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Comparative Study
. 2006 May;173(1):197-205.
doi: 10.1534/genetics.105.054098. Epub 2006 Feb 19.

High-resolution Quantitative Trait Locus Mapping Reveals Sign Epistasis Controlling Ovariole Number Between Two Drosophila Species

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Free PMC article
Comparative Study

High-resolution Quantitative Trait Locus Mapping Reveals Sign Epistasis Controlling Ovariole Number Between Two Drosophila Species

Virginie Orgogozo et al. Genetics. .
Free PMC article

Abstract

Identifying the genes underlying genetically complex traits is of fundamental importance for medicine, agriculture, and evolutionary biology. However, the level of resolution offered by traditional quantitative trait locus (QTL) mapping is usually coarse. We analyze here a trait closely related to fitness, ovariole number. Our initial interspecific mapping between Drosophila sechellia (8 ovarioles/ovary) and D. simulans (15 ovarioles/ovary) identified a major QTL on chromosome 3 and a minor QTL on chromosome 2. To refine the position of the major QTL, we selected 1038 additional recombinants in the region of interest using flanking morphological markers (selective phenotyping). This effort generated approximately one recombination event per gene and increased the mapping resolution by approximately seven times. Our study thus shows that using visible markers to select for recombinants can efficiently increase the resolution of QTL mapping. We resolved the major QTL into two epistatic QTL, QTL3a and QTL3b. QTL3a shows sign epistasis: it has opposite effects in two different genetic backgrounds, the presence vs. the absence of the QTL3b D. sechellia allele. This property of QTL3a allows us to reconstruct the probable order of fixation of the QTL alleles during evolution.

Figures

Figure 1.
Figure 1.
Variation in ovariole number in the D. melanogaster subgroup. (A) Phylogeny (Powell 1997; Harr et al. 1998; Ting et al. 2000) showing the range in number of ovarioles per ovary for each species (David and Bocquet 1975b; Louis and David 1986; Coyne et al. 1991; Hodin and Riddiford 2000). (B) Ovarian morphology in D. melanogaster, D. simulans, and D. sechellia. Bar, 200 μm. (C) Mean ovariole number and standard deviation for D. melanogaster (Oregon-R, n = 44 flies), D. simulans f;nt,pm;st,e (n = 29), D. sechellia (n = 48), F1 hybrids D. sechellia/D. simulans (n = 47), progeny from the D. sechellia (n = 226) and D. simulans backcrosses (n = 383).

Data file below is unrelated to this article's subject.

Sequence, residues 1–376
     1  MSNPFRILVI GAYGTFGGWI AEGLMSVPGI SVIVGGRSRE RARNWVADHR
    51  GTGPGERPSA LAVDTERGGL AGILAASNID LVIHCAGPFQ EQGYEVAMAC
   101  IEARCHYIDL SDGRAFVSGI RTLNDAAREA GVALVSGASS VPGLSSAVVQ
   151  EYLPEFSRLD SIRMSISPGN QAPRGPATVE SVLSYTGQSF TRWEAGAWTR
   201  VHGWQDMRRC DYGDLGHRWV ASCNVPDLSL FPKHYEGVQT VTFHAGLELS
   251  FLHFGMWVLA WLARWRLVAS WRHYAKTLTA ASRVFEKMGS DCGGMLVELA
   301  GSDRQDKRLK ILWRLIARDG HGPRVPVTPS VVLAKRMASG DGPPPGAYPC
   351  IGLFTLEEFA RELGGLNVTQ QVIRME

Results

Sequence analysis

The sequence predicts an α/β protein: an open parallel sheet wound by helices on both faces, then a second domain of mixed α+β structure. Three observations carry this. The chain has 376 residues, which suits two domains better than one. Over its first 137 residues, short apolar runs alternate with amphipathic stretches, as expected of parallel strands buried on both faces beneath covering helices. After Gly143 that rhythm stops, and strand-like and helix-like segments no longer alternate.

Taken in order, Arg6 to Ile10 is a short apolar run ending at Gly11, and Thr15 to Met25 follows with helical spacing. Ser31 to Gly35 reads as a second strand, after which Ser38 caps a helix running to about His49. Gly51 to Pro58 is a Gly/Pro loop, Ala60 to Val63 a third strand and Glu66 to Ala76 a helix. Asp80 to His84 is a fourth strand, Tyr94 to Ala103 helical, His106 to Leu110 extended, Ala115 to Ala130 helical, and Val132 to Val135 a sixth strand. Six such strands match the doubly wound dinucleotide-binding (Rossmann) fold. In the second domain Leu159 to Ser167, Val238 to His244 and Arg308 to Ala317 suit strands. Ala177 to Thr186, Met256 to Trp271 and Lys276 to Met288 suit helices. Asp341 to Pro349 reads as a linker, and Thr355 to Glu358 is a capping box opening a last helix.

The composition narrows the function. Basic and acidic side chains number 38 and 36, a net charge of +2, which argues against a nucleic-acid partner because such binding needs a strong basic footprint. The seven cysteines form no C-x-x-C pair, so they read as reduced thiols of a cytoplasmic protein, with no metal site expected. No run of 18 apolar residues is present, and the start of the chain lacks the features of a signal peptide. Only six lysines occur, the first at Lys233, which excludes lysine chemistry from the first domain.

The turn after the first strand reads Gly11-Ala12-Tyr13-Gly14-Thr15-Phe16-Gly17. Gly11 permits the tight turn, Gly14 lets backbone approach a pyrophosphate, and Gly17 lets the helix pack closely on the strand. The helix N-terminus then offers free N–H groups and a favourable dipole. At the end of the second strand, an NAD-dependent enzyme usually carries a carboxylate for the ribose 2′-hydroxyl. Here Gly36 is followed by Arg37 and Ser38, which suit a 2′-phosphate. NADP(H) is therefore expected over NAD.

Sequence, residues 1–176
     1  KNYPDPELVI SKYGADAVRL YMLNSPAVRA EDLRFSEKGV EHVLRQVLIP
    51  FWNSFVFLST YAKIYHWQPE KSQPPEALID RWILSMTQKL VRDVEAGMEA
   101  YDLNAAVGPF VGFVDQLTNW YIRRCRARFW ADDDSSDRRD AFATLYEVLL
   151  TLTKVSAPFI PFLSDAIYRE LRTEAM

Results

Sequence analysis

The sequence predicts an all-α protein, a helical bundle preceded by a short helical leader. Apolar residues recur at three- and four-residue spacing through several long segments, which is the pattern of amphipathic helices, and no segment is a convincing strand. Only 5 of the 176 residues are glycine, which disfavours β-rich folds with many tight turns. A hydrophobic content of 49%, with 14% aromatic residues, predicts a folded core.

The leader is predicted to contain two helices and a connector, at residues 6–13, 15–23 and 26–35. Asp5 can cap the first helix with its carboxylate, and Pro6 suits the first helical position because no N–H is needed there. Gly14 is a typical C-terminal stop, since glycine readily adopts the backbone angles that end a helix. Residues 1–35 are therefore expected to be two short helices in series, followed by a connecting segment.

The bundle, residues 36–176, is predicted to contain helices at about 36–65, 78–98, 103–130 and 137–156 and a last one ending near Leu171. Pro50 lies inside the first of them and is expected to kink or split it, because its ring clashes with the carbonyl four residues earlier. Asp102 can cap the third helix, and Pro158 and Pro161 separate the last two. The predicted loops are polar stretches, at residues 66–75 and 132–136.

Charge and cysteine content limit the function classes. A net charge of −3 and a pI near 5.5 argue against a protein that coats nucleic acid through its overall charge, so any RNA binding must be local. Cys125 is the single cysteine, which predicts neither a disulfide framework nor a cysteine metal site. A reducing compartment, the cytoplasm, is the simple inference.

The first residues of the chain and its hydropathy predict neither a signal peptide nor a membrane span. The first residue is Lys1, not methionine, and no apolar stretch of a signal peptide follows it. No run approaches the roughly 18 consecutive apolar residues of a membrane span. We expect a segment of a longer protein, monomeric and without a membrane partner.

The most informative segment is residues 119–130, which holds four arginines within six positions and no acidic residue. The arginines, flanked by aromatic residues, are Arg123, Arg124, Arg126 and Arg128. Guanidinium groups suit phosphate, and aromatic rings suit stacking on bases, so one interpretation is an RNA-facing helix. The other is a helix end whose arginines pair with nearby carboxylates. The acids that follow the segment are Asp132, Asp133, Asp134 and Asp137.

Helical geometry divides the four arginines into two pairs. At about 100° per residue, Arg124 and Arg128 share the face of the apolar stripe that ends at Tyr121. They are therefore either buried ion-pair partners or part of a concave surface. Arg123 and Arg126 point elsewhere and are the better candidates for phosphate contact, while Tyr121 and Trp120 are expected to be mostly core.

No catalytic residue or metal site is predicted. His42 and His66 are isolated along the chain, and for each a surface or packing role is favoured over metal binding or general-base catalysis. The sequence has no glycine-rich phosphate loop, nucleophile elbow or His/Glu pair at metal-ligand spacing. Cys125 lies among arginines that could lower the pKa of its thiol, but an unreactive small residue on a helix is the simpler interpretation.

Figure 2.
Figure 2.
Composite interval mapping of mean ovariole number between D. sechellia and D. simulans for the D. sechellia backcross (A) and the D. simulans backcross (B). Marker positions are indicated along the x-axis and LOD score on the y-axis. The asterisks indicate the positions of the background parameters (see supplemental material at http://www.genetics.org/supplemental/). The estimated effect of QTL is shown at the top of each peak and is expressed in ovariole number. The LOD threshold for a 5% significance threshold, estimated by a permutation test, is represented as a dotted line.
Figure 3.
Figure 3.
High-resolution QTL mapping of the D. simulans backcross. (A) Section of chromosome 3. (B) Entire chromosome 2. Representation is as in Figure 2. Cytological locations of markers are shown along the x-axis. The shaded bar indicates the position of the inversion breakpoint relative to D. melanogaster. Results from composite interval mapping for the first backcross (light shaded line), the second backcross (dark shaded line), and the total analysis of both first and second backcrosses (solid line) are presented.
Figure 4.
Figure 4.
Two-dimensional scan for linked QTL on chromosome 3. Values are given as a function of the two QTL positions tested by the model. Cytological locations are indicated for each marker. (A) The LOD score (relative to a model with no QTL) for the three-QTL model with a QTL in fixed position on chromosome 2 and two interacting QTL in varying positions on chromosome 3. (B) The interaction LOD score, comparing the model with two interacting QTL on chromosome 3 to that with additive QTL on chromosome 3. (C) The estimated effect of substituting one D. simulans allele by a D. sechellia allele at QTL3a (in a D. simulans background at QTL3a and QTL3b positions). (D) The estimated effect of substituting a D. simulans allele by a D. sechellia allele at QTL3b (in a D. simulans background at QTL3a and QTL3b positions). (E) The estimated effect of substituting a D. simulans allele by a D. sechellia allele at both QTL3a and QTL3b (in a D. simulans background for QTL3a and QTL3b). In A–E, the location of the QTL on chromosome 2 is kept fixed. The estimated locations of the two QTL are indicated by a cross and the 2-LOD support region by a thick solid line. Iso-LOD lines are shown in A with thin solid lines.
Figure 5.
Figure 5.
Two evolutionary scenarios for the evolution of ovariole number. Only QTL3a and QTL3b are considered here. We assume that the ancestor of D. simulans and D. sechellia was D. simulans-like, with genotype QTL3a sim/sim, QTL3b sim/sim, and an initial phenotype of 15 ovarioles. In A, the QTL3a mutation appears first and is followed by the QTL3b mutation. B represents the alternative scenario. The estimated number of ovarioles and standard error are indicated at each evolutionary step (based on Table 1). Although it is possible that one QTL was fixed before the origin of the second, the se/se allelic conditions are not shown because we do not have ovariole number estimates for the se/se genotypes. If we assume that mutations that increase ovariole number (open inverted triangle) decreased fitness during D. sechellia evolution, then A is unlikely and B, which involves successive mutations that decrease ovariole number (shaded triangle), is more likely. sim, simulans; se, sechellia.

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